Buzz Kill

June 30th, 2014

Buzz Kill by Beth Fantaskey

Millie works for her school newspaper and has a fierce rivalry with the student editor, Viv, who is also the head cheerleader. Viv orders Millie to write a piece about how the school may be making students and teachers sick since it was built upon an old refuse heap. Millie knows that what Viv really wants is for Millie to have to portray the city mayor, who is also Millie’s father, in a negative light since he was the one who pushed for a new school building at it’s current location.

Millie tries to undermine Viv by dragging her feet on the story. Once she finally gets around to actually investigating she discovers something horrific; the dead body of her school’s football team.

Now she is faced with the ultimate investigation: a murder. But it won’t be easy. Viv and Millie cannot get over their competitiveness to work together, and Millie is sure that Viv will try to somehow destroy her Dad’s reputation. Just because he is the assistant coach to the football team and argued with the deceased regularly doesn’t make him a killer, right?

Millie also has an unlikely ally in her investigation, the football team’s star quarterback, Chase. He is incredibly handsome but also distant and quiet. Can Millie break through his icy exterior while not falling for him? Can she exonerate her dad? Will she one up her nemesis Viv once again?

Buzz Kill is a witty new mystery that is perfect for a quick summer read. While the plot can feel drawn out at times the character of Millie is engaging and unique enough to get you through the slow parts. So if you like mystery, or enjoy zany characters be sure to pick up Buzz Kill. And although the characters all in high school the author goes out of her way to make a very clean book, so it is appropriate for ages 14 and up.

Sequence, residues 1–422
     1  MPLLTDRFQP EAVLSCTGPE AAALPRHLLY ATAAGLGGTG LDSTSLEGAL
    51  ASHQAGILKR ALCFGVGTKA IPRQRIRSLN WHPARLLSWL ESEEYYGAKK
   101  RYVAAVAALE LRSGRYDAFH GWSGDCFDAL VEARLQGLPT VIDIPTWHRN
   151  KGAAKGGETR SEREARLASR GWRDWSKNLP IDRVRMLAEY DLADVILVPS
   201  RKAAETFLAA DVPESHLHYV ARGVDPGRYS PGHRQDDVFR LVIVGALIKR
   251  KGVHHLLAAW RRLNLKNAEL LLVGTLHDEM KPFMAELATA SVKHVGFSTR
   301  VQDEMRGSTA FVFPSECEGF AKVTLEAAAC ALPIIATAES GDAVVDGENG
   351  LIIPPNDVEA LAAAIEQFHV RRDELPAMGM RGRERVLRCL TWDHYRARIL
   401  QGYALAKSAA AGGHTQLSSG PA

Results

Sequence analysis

Amy Reviews The Devil’s Arithmetic

June 23rd, 2014

The Devil’s Arithmetic by Jane Yolen

Jane Yolan took a very deep perspective into her story About Hannah Stern. An ordinary Jewish girl, who just so happens to hate Passover. When welcoming Elijah, a traditional Jewish custom. She is transported back to the holocaust. Where she is no longer Hanna, but Chaya. A girl who is staying with her uncle and aunt, after her parents died of an illness. While going to her uncle’s wedding Nazis are there to greet them. Taking her entire village to a concentration camp. Many people die due to the Nazi’s harsh and cruel ways. Hannah befriends a girl named Rivka, who shows her the “rules” of the camp. Including never saying words like stole or dead. Hannah spends months here. And it’s not until the idea of a prison break things get interesting. Let’s just say… it failed. Causing the death of her uncle and many more from her village. Finally, one day Hannah, Rivka, and two other friends are working. When a Nazi comes up and selects them to be part of the “choosing” another name for being selected to go into the gas chambers. Hannah, is the only one who wasn’t chosen. In the end, she sacrifices her life and gives it to Rivka, her best friend. Upon entering the gas chamber she is transported back to the Passover feast with her family. When she takes a seat next to her aunt she notices her prison I.D, knowing that she had been a part of the holocaust, but not exactly knowing what the numbers on her arm were. She takes a closer look, and realizes she was Rivka, and by sacrificing her life she saved to one of her aunt.